In this study, treated cultures had a higher numbers of VA in all subtypes (Fig 3) compared to the controls. The study showed that metronidazole could trigger apoptotic mechanisms [33] which possibly in turn facilitated the formation of granular forms. In other words, when the cells are triggered by certain type of stress (MTZ), some of the vacoular forms undergo apoptosis giving rise to granular form which in turn release the progeny vacoular forms for the purposes of propagation.

In transformational changes during excystation [34] and encystation [13] mitochondria have showed variation in shape which is an indicator that energy is involved during these biological changes. Hence during apoptosis similar cellular changes could be taking place and therefore we decided to include mitochondria into our study. The study therefore attempted to use Mito Capture solution to assess if transmembrane potentials could have a change. The bright red fluorescence exhibited while using the MitoCapture dye indicates the presence of intact MLO within the cell environment In non-viable apoptotic (NVA) cells, MitoCapture remains within the cytoplasm of the cell [Fig 4(f)]. It can be postulated that the drug would have triggered the mitochondria membrane to be more permeable thus resulting in the cytochrome c (Cyt C) release into the cytosol, triggering the downstream events in the apoptotic mechanism. The present finding should have been better substantiated to assess the status of mitochondrial cytochrome C release into the cytosol. However this we feel should be the basis of our future work. Nevertheless, the current findings with regard to the VA granular forms could be easily correlated to the depolarization of the mitochondrial membrane potential as we have previously reported that stress induced Blastocystis sp. cell undergo both caspase dependent and independent pathways and mitochondria acts as a central station for both pathways.

These VA granular forms when stained with Oil Red O exhibited a light red staining intensity and the lipid droplets were scattered towards the center of the cells. Minute lipid droplets were found at the peripheral of the VNA forms. Lipid droplet accumulation is usually an indicator whether a cell is functioning normally [35]. But the NVA cells exhibited high red staining intensity suggestive of a high accumulation of lipids, an evidence of metabolic deficiency which substantiated the fact that granular non-viable apoptotic cells will eventually succumb to cell death. This staining again shows that granular forms exist in two variant forms. The NVA ones will succumb to death but the VA forms will release the smaller vacuolar ones.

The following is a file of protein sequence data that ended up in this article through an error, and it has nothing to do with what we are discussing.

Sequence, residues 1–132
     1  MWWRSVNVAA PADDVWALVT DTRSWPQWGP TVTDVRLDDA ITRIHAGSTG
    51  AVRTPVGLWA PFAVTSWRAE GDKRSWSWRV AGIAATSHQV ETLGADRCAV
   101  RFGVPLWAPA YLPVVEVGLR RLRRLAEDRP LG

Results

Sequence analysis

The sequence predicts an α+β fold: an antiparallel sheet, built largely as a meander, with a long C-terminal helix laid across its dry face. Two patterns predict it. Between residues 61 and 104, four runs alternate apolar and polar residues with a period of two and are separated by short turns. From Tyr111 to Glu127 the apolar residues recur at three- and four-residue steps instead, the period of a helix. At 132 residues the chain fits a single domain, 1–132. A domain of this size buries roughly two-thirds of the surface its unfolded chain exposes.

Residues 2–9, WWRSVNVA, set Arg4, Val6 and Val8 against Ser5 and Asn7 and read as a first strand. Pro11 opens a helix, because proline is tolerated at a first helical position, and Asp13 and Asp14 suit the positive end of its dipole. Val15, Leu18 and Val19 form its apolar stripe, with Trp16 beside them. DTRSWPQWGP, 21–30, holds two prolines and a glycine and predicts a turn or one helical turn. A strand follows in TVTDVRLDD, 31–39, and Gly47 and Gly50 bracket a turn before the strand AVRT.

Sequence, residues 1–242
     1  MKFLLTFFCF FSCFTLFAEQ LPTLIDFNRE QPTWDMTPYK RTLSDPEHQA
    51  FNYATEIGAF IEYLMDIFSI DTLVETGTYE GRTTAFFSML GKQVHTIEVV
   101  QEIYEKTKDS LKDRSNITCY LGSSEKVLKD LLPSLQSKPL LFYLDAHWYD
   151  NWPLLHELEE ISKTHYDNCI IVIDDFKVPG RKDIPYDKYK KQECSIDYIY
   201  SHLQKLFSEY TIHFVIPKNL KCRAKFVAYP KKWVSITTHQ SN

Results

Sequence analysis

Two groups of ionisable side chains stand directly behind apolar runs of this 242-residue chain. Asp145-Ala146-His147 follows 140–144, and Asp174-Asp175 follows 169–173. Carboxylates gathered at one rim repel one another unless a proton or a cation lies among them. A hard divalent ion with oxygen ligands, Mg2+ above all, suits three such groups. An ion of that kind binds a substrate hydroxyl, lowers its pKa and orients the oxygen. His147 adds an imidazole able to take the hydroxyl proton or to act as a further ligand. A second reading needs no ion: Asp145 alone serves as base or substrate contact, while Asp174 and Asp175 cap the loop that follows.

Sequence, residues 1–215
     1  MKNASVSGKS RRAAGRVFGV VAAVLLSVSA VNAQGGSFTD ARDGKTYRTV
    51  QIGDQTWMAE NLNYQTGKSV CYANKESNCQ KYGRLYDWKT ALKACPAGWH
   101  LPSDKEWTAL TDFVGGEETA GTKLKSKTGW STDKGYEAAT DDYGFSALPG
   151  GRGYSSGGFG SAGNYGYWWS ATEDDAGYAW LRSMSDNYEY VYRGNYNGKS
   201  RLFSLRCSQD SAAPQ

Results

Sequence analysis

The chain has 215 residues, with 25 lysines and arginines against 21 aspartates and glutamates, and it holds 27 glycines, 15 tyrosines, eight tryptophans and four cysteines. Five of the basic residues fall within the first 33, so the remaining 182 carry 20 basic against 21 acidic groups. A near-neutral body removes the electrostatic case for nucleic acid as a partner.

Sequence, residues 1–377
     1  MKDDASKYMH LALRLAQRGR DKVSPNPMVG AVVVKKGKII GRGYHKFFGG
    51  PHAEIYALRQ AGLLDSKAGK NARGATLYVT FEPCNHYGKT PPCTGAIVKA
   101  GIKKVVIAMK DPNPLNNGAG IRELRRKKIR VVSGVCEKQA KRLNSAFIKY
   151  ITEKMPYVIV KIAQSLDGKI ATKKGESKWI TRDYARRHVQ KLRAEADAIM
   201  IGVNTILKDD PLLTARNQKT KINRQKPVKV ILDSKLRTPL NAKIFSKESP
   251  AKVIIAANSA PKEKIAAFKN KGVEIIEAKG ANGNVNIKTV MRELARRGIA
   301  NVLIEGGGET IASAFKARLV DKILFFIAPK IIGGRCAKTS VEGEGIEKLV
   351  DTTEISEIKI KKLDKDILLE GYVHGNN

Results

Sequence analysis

Vacuolar forms when stained with DAPI exhibited blue stained nucleus in the periphery but the granular forms exhibited blue stained granules within the cell body. It is obvious that the granules contain the nuclear content. Acridine orange staining further supports this with the evidence of granules showing bright green fluorescence, an indication of the presence of DNA.

During the initial period upon drug induction, the organisms showed red orange colouration when stained with acridine orange (AO). This could be due to massive cellular re-organization occurring due to the initiation of the apoptotic activity. The intense colouration began to decrease providing greater clarity revealing prominent granules within cell body (Fig 8).

The presence of vacuolar forms or the VNA forms imply that these vacuoles may have developed from the released granules Our resultsanother study that reported [36]. Our results therefore concur with another study that reported that the structure was not a true vacuole but the site of development of granules during transition to granular form [36].

The intra-variation in terms of number of granules within the subtypes also clearly shows that granular formation is influenced by subtypes. We have previously shown that apoptosis is subtype influenced [27]. The present finding implicates that there appears to be a relationship between apoptosis and granular formation. Subtype 3 has been shown to have the highest apoptotic rate and in the present study the same subtype showed the highest number of mean granules per cell which is 16.32 compared to 9.01 in subtype 1 and 5.46 in subtype 5.